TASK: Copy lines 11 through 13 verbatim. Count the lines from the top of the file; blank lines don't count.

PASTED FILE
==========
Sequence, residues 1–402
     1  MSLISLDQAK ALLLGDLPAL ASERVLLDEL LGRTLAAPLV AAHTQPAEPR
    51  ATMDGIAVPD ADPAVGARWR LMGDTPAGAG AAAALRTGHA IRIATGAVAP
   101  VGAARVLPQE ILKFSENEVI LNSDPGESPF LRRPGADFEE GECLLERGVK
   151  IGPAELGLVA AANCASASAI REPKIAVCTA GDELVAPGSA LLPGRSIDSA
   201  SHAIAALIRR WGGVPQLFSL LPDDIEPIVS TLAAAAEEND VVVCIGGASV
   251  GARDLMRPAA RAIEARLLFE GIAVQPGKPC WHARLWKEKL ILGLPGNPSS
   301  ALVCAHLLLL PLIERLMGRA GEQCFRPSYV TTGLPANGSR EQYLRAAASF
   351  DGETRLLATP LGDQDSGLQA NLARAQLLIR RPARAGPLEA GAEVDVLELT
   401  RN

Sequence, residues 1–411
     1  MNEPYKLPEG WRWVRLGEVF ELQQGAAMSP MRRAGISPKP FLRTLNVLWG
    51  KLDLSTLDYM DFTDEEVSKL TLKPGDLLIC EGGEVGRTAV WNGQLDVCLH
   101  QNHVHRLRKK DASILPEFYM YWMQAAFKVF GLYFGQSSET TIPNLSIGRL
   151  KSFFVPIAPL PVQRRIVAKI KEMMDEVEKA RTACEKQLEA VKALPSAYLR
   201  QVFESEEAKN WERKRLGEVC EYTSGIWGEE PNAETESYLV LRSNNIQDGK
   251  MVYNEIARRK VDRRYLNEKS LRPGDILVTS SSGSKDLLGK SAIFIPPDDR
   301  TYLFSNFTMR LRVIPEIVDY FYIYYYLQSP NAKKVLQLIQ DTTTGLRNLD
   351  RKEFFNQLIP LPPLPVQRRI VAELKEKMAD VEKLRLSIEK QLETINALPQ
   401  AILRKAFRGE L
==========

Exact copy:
Sequence, residues 1–411
     1  MNEPYKLPEG WRWVRLGEVF ELQQGAAMSP MRRAGISPKP FLRTLNVLWG
    51  KLDLSTLDYM DFTDEEVSKL TLKPGDLLIC EGGEVGRTAV WNGQLDVCLH